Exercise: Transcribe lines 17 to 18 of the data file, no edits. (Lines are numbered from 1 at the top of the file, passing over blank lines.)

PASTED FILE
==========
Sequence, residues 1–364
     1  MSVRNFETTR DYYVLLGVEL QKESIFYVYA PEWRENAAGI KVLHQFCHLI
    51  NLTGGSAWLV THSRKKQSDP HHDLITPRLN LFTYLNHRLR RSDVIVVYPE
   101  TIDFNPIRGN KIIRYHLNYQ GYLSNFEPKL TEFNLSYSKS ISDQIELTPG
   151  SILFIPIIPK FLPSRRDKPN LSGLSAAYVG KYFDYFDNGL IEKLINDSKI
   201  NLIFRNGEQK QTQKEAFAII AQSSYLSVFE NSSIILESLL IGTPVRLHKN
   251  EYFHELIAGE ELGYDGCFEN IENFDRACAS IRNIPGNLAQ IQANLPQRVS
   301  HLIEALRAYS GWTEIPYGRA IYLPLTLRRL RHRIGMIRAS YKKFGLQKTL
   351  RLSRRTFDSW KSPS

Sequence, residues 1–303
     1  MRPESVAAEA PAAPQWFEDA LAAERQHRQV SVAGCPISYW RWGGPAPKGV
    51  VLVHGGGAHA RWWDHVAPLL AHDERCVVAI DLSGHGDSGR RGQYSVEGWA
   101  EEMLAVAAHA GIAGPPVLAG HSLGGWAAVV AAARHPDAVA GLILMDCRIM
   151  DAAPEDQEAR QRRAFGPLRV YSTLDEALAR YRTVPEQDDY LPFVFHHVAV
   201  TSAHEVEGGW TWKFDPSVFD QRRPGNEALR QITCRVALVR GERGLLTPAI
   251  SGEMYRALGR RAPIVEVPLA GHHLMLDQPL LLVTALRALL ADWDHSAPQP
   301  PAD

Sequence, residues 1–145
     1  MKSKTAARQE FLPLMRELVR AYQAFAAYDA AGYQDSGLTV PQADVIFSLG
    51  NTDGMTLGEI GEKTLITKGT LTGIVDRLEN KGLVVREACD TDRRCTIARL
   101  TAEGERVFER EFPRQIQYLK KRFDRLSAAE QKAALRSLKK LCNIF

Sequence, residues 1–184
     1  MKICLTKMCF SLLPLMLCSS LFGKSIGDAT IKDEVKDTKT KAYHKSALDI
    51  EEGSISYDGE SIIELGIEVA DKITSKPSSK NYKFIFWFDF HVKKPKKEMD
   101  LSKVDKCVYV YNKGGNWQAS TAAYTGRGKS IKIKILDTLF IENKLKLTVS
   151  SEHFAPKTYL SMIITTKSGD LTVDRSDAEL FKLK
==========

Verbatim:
   301  PAD

Sequence, residues 1–145